Zadar Region is famous for its cultural heritage, historic monuments and surrounding islands

The origin of early Croatian culture Dalmatia is the largest and the most famous historic region of Croatia. It occupies the southern part of Croatia and it is an area of sun, warm sea, olives, wine, fish, poems and picturesque villages with houses made of stone – the real pristine Mediterranean. It is culturally the richest part of Croatia, in which five of the six sites are protected as World Heritage by UNESCO. Since Dalmatia is often reached from the north, we are welcomed by the first of four Dalmatian tourist regions, the Dalmatia - Zadar region, which includes the Zadar County.

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Here we find the historical centre of Dalmatia, Zadar, the islands of Pag, Dugi Otok, Ugljan, Pašman, and many smaller islands. Moreover, most of the inhabited islands of the Croatian tourist region can be found in the Zadar area, the region with the strongest developed agriculture on the whole of the Croatian Adriatic coast. All these regions are rich with historical heritage dating back to prehistoric times, and especially the heritage of the antique period and the early Middle Ages.

As it offers the most attractive lifestyle and has an important strategic position in the centre of the Croatian Adriatic, the region has been hit hard in many wars, including the Homeland War. There are many traces here of life dating from prehistoric times and ancient times of the Illyrians and Romans, and it is precisely the area of Zadar that is connected to the development of the first Croatian Kingdom and the largest number of monuments of early Croatian culture. This is where the Croats first came into contact with ancient culture in the 7th century, with traces left in monuments on every corner, and they were one of the first European nations to embrace Christianity.

Although the Venetians ruled the coastal part of the Zadar area in the 15th century, and the hinterland came under the authority of the Turkish Empire, the area of Zadar kept a strong Croatian national spirit throughout that time. This spirit was preserved during the Austrian rule from the 19th century to the end of World War II, and it is precisely in the Zadar area that the national movement focusing on the unification of Dalmatia and Croatia strengthened, which was achieved primarily in the former Kingdom of Yugoslavia, and since 1991 in the independent Croatia.

Today, it is the same strong national spirit which directs the rapid economic development making Zadar and its surroundings economically one of the most dynamic parts of Croatia. Despite the strong development, the natural heritage of the Zadar region has remained well preserved, and numerous monuments still remain harmoniously integrated into the natural landscape and the structure of urban settlements. One of the best testimonies to the Zadar region's historical importance and value of its historical heritage is the core of the city , the largest on the Croatian Adriatic coast. More highly valuable sacral heritage is connected to the city and its surrounding islands, such as Pašman. The inhabitants of Zadar, the second largest city in Dalmatia, say that the most beautiful sunset in the world is one seen from Zadar's waterfront. This was also stated by the famous British film director Alfred Hitchcock during his visit to Zadar in the 1970s. On this site today is a particularly interesting, fun, very effective and impressive complex of installations; the Sea Organ and Greeting to the Sun.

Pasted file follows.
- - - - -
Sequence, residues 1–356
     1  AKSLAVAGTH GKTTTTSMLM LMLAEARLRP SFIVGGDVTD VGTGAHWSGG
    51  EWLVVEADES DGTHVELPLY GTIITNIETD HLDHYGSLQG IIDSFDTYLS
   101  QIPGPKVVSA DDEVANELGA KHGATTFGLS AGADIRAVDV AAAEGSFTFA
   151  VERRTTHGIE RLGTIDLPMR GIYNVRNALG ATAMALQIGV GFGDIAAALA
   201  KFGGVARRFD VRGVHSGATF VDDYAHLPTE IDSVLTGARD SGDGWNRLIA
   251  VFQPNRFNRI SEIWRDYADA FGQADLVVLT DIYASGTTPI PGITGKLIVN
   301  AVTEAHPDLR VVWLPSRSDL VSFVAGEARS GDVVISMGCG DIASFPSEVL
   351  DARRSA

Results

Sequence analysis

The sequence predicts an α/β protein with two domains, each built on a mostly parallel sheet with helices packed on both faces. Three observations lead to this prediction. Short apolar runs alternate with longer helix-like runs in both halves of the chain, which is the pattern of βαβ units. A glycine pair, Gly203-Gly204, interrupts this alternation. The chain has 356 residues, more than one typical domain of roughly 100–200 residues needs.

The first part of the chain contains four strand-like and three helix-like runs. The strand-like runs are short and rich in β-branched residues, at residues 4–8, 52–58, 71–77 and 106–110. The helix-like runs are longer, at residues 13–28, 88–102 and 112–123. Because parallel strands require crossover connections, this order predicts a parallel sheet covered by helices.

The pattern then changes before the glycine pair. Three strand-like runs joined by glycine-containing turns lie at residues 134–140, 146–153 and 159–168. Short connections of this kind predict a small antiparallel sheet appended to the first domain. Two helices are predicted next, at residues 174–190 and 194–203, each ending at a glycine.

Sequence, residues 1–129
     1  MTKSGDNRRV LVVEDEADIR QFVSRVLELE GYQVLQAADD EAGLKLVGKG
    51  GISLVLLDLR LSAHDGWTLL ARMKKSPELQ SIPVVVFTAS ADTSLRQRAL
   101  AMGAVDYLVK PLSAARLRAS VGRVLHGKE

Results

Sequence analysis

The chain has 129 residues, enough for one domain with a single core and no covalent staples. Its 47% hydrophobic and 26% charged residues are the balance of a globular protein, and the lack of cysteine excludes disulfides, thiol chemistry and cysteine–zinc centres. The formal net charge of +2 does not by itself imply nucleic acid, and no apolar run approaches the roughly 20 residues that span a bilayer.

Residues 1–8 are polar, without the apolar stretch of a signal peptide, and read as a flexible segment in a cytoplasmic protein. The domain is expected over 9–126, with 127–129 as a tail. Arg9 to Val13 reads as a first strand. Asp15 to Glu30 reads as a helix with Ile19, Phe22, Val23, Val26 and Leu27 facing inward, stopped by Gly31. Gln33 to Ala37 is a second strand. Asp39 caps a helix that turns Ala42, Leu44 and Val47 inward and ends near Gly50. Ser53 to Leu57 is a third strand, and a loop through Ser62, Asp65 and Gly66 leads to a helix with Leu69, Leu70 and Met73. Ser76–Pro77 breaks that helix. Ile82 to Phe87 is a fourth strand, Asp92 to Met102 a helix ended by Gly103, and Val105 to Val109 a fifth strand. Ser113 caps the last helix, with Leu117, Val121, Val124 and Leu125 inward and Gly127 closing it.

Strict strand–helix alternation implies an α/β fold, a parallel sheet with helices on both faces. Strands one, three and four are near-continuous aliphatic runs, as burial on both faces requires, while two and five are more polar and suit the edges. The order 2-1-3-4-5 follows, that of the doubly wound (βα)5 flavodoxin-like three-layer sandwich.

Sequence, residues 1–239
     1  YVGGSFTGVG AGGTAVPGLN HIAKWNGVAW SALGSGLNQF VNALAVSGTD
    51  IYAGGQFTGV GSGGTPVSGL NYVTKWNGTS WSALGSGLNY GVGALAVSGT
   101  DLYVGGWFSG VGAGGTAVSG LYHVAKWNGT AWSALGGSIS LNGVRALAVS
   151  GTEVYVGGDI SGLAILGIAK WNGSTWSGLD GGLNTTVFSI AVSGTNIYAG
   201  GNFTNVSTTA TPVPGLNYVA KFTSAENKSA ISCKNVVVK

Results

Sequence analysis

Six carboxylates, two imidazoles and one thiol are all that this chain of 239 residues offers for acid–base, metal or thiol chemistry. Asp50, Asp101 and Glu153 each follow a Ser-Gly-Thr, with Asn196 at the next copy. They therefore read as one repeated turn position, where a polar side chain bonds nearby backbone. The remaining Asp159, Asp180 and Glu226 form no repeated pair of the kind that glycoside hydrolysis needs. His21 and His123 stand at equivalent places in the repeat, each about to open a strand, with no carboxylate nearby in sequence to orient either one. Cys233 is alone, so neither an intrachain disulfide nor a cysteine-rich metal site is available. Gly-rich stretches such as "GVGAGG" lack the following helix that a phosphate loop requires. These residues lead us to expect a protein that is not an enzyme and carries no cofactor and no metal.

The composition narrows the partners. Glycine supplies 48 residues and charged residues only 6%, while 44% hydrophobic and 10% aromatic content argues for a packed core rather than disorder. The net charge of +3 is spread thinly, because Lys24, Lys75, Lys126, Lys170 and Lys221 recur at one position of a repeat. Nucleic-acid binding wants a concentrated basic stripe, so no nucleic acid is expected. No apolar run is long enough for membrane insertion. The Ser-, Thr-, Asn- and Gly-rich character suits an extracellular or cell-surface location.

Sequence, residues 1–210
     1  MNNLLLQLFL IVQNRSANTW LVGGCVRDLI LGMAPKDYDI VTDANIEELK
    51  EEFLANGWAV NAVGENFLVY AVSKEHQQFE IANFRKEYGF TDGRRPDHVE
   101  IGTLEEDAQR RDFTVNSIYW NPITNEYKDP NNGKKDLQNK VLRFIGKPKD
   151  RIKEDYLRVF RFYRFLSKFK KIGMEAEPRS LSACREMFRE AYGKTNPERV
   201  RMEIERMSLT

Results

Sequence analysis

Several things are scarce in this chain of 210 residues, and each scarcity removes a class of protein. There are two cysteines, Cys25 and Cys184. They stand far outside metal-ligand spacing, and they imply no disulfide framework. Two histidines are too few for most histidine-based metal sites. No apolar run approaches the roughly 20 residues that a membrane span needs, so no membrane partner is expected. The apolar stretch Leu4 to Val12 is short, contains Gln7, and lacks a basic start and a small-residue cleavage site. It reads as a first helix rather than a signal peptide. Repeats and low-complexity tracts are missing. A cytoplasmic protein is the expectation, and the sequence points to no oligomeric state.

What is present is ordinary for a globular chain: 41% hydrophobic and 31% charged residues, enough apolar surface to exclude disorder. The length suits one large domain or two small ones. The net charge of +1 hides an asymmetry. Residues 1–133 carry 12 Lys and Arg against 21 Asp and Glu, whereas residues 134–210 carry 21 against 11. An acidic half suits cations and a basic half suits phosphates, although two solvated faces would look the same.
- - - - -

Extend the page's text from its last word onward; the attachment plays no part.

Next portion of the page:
Among the many churches in Zadar, the 9th century church of St. Donat holds a special place, with its unique circular form, making it an indispensable part and a sort of trademark of Zadar. There is also the Romanesque Basilica of St. Grisogono from the 12th century, the Cathedral of St. Anastasia from the 12th – 13th century and the church of St. Simeon from the 5th – 18th century, whose corpus is kept in the famous chest at the main altar.

Zadar has been the Archdiocesan centre since the 12th century. The Permanent Exhibition of Church Art at the Museum of Ecclesiastical Art, popularly called by the great Croatian writer Miroslav Krleža as "The Gold and Silver of Zadar", exhibits many works of art made from gold and precious stones, especially crosses and valuable religious paintings.
Zadar's historical core is filled with various cultural monuments - walls, towers, churches, palaces, public buildings and majestic gates. Among the towers, the one that stands out in particular is the Captain's Tower, and among the gates, the Land Gate, a masterpiece of the late Renaissance architect Michele Sammichelia. The Museum of Antique Glass is also located in Zadar, and it exhibits a unique set collection. Outside the walls of Zadar there are some modern architectural works, among which are a new sports complex with a basketball court and indoor swimming pool and Greeting to the Sun - an interesting visual installation.